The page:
This letter was penned by 1st Sergeant Everett W. Pattison of Worcester, Massachusetts who enlisted in May 1861 to serve three years in Co. I, 2nd Massachusetts Infantry. He was promoted to 2d Lieutenant and transferred to Co. E on 1 March 1862; promoted again to 1st Lieutenant in August 1862; and promoted to Captain in December 1862. He mustered out as Captain of Co. F in May 1864.
Also adding brief messages on the reverse side of the single sheet letter were other member of Company I including Corporal William Nutt of Natick who later in the war served as an officer in Co. F of the famed 54th Massachusetts; Segt. Horace F. Nason of Natick; and finally Sgt. George H. Willis (1839-1862) of Natick. According to the Massachusetts Town & Vital Records, Sgt. George Willis was killed at the Battle of Cedar Mountain August 9th 1862 while acting voluntarily in the place of Sergt. H. F. Nason as color-bearer, Wilson being off duty awaiting promotion” at the time of the battle. Sgt. Horace Bosmore is also mentioned in the letter.
The letter was addressed to “Mr. Wilson” who was William H. Wilson of Natick, Massachusetts. In the 1855 Massachusetts Census, George H. Willis is enumerated in the household of William Wilson (1816-18xx)—a “cutter” in the shoemaking business—and his wife, Susan. My assumption is that Mr. Wilson was George’s step father; his mother being George’s second wife.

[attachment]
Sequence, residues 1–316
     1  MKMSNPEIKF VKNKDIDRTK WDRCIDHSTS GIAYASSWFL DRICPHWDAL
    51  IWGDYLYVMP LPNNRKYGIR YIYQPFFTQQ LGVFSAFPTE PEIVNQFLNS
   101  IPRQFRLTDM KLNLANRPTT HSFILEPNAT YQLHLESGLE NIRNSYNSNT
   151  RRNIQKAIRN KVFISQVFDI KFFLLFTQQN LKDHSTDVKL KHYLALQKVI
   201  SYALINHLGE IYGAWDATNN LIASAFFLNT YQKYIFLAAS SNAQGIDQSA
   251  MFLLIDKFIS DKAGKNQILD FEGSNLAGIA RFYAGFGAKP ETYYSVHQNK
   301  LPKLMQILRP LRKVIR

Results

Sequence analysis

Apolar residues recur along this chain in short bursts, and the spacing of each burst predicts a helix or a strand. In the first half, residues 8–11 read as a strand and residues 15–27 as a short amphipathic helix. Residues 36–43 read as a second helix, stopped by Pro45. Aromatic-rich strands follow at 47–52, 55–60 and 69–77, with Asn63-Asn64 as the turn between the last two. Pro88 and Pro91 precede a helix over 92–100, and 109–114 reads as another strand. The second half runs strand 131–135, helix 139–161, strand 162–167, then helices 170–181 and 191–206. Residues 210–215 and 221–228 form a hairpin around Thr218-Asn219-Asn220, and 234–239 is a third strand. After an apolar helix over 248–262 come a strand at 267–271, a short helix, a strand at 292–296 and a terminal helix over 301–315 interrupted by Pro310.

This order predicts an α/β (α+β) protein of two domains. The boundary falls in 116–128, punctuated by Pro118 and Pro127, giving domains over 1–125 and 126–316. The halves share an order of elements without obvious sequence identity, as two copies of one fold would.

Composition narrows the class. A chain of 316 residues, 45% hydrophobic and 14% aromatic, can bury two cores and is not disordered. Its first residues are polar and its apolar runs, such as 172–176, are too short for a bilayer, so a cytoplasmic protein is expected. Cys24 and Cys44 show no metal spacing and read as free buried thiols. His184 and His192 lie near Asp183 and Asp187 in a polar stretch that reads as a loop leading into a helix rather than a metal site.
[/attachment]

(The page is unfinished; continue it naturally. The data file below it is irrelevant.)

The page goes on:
The content of the letter pertains to the health of Sgt. George Willis and seeks to correct a misimpression by the folks back home that the men of the 2nd Massachusetts were being ill-used by Uncle Sam.
Maryland Heights [opposite Harpers Ferry, Va.]
August 15th 1861
Yours of the 12th is just received. Somebody must have given you a false account of George. There was a time for a few days when none of us were very well & he shared the indisposition with us all. But he has had no occasion to go to the hospital and is now as well as any man in the company. He looks hearty, eats as though he had an appetite, and performs all his duty without interruption.
Allow me in this connection to correct an erroneous impression which has be gaining ground in Massachusetts—-that this regiment is ill-treated. I have only to say that we are treated as well as any regiment in the service and our officers do as much to make our lot easy as the officers of any regiment in the service.
If I can at any time afford you any direct information, please feel at liberty to call upon me for it.
Truly yours, — E. W. Patteson
You need not fear but what we shall keep you well informed if George is sick without going to the 13th Regiment for information. — William Nutt
I take this opportunity to tell you that you & your friends can put yourselves perfectly at ease about George. He is as hearty as any man in the company. He can beat me eating & a man that can do that can’t be very sick. — H. F. Nason
Dear Father & Mother,
I received your letter about the same time that Pattison did his. I am in good health. I never was better in my life. You must not be afraid that I will not write home when I am sick. There is no need of writing to [Horace] Bosmore. I will write when I am sick. — G. H. Willis
There is 17 streets of Rebels the other side of the mountain.